The teachers I knew as "creepy" at my high school (including one that ended in a spectacular triple murder about two years back; 20 years after the kid graduated, but he never got past it) -- and Bailey in this article -- were and are VERY interested in being "popular." They're not adults; they are, and want to be judged as, teenagers. The teachers who were mentors were interested in teenagers as human beings, and liked them; but they didn't want to BE them. The teachers who were creepers wanted to BE them. Their favorite book was Catcher in the Rye. They related to teenaged students not as children, but as peers. They identified with their struggles not as something they went through in the past, but as something they were engaged in right now.

And while it's a good red flag, it isn't a great red flag, I don't think. I spent five years on a school board, which included reviewing complaints about abusive teachers -- every single one in our district. Based on what I saw in Illinois, for every 5,000 students, you're looking at one substantiated teacher sexual abuse claim per year per 5,000 students. (Or one per every 2000 employees, if you'd rather.) If your high school has 800 students in its graduating class, you're going to be turning up one criminal sexual predator who gets charged with a crime every four years. But those are the REALLY BAD claims that can be substantiated. There are also a lot of abuse claims that either don't have substantiated documentation, or are next-door-to-criminal-abuse claims that can't be substantiated but are definitely very gross. Take whatever you think the priest sexual abuse scandal rate is, and triple it. You're still not in the ballpark, but at least you're looking for the second baseman.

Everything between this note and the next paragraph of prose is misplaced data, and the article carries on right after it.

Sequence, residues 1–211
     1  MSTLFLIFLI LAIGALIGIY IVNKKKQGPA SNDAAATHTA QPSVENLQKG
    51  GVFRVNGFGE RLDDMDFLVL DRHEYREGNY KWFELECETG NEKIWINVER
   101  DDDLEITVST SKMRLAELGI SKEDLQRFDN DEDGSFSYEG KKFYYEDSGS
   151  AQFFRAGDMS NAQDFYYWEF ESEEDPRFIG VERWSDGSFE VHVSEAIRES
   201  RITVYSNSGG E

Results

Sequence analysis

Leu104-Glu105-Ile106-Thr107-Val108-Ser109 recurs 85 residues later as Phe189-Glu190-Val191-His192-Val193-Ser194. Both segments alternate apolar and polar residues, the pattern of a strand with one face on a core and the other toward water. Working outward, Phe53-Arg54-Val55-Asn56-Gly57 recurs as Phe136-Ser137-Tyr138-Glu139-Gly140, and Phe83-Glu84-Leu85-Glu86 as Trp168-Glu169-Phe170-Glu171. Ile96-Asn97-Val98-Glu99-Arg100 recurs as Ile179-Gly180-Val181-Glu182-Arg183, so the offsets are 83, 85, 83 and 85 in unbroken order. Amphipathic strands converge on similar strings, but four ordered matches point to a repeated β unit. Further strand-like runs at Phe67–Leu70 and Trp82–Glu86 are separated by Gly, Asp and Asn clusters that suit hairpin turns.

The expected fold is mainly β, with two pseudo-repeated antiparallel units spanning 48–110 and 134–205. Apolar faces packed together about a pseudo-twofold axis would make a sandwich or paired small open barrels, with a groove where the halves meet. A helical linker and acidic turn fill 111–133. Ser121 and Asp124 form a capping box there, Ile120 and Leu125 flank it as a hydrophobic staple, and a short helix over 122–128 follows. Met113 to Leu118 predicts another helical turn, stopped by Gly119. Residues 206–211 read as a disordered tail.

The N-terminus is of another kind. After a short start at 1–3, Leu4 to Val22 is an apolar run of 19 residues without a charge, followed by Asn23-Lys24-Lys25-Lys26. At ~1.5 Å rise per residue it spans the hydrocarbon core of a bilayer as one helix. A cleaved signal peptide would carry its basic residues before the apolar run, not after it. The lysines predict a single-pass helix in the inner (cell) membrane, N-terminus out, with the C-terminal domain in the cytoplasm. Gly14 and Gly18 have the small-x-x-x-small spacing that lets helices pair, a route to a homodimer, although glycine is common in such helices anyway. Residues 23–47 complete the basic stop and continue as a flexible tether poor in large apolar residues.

So a huge part of me is like, these creepy dudes, the ones who think they're still high school students, the ones who want to get in with "the popular kids," the ones who think life is Dead Poets' Society, those are the creepy ones to watch out for. And that's not wrong! My gut has good sense! But I also spent a lot of time reading abuse complaints about teachers that had no warning signs. And that is what chills me to the bone. Bailey seems like a findable predator, using traditional grooming techniques and displaying social superiority techniques that school supervisors should identify and eliminate. But a lot of Bailey's predator peers are NOT findable. A lot of them are more cold-blooded, more harsh, more targeted, than Bailey is or could be. There are a couple of cases I had to read, in order to fire the teacher after they'd already been picked up by the FBI, that make my blood run cold even now -- I have no idea how you'd identify this person before their crimes. So many of them send up your creeper bat signal right from the jump ... but a few of them don't. And the ones that don't were (in my limited experience of adjudicating these cases) ALWAYS the worst ones. And that scares the shit out of me, that the worst ones are the ones you can't identify in advance.